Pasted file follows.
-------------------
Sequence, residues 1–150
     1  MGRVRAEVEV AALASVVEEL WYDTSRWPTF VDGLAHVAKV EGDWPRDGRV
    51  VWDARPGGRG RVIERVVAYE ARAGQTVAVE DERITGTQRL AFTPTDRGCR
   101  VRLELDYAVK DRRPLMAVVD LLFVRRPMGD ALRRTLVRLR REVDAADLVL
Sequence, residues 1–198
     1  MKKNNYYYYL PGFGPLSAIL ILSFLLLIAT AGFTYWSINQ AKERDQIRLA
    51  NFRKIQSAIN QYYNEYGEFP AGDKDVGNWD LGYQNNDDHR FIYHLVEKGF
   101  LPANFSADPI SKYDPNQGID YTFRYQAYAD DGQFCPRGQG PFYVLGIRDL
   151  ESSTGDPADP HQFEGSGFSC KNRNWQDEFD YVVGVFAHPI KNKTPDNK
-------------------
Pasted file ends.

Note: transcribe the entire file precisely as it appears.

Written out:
Sequence, residues 1–150
     1  MGRVRAEVEV AALASVVEEL WYDTSRWPTF VDGLAHVAKV EGDWPRDGRV
    51  VWDARPGGRG RVIERVVAYE ARAGQTVAVE DERITGTQRL AFTPTDRGCR
   101  VRLELDYAVK DRRPLMAVVD LLFVRRPMGD ALRRTLVRLR REVDAADLVL
Sequence, residues 1–198
     1  MKKNNYYYYL PGFGPLSAIL ILSFLLLIAT AGFTYWSINQ AKERDQIRLA
    51  NFRKIQSAIN QYYNEYGEFP AGDKDVGNWD LGYQNNDDHR FIYHLVEKGF
   101  LPANFSADPI SKYDPNQGID YTFRYQAYAD DGQFCPRGQG PFYVLGIRDL
   151  ESSTGDPADP HQFEGSGFSC KNRNWQDEFD YVVGVFAHPI KNKTPDNK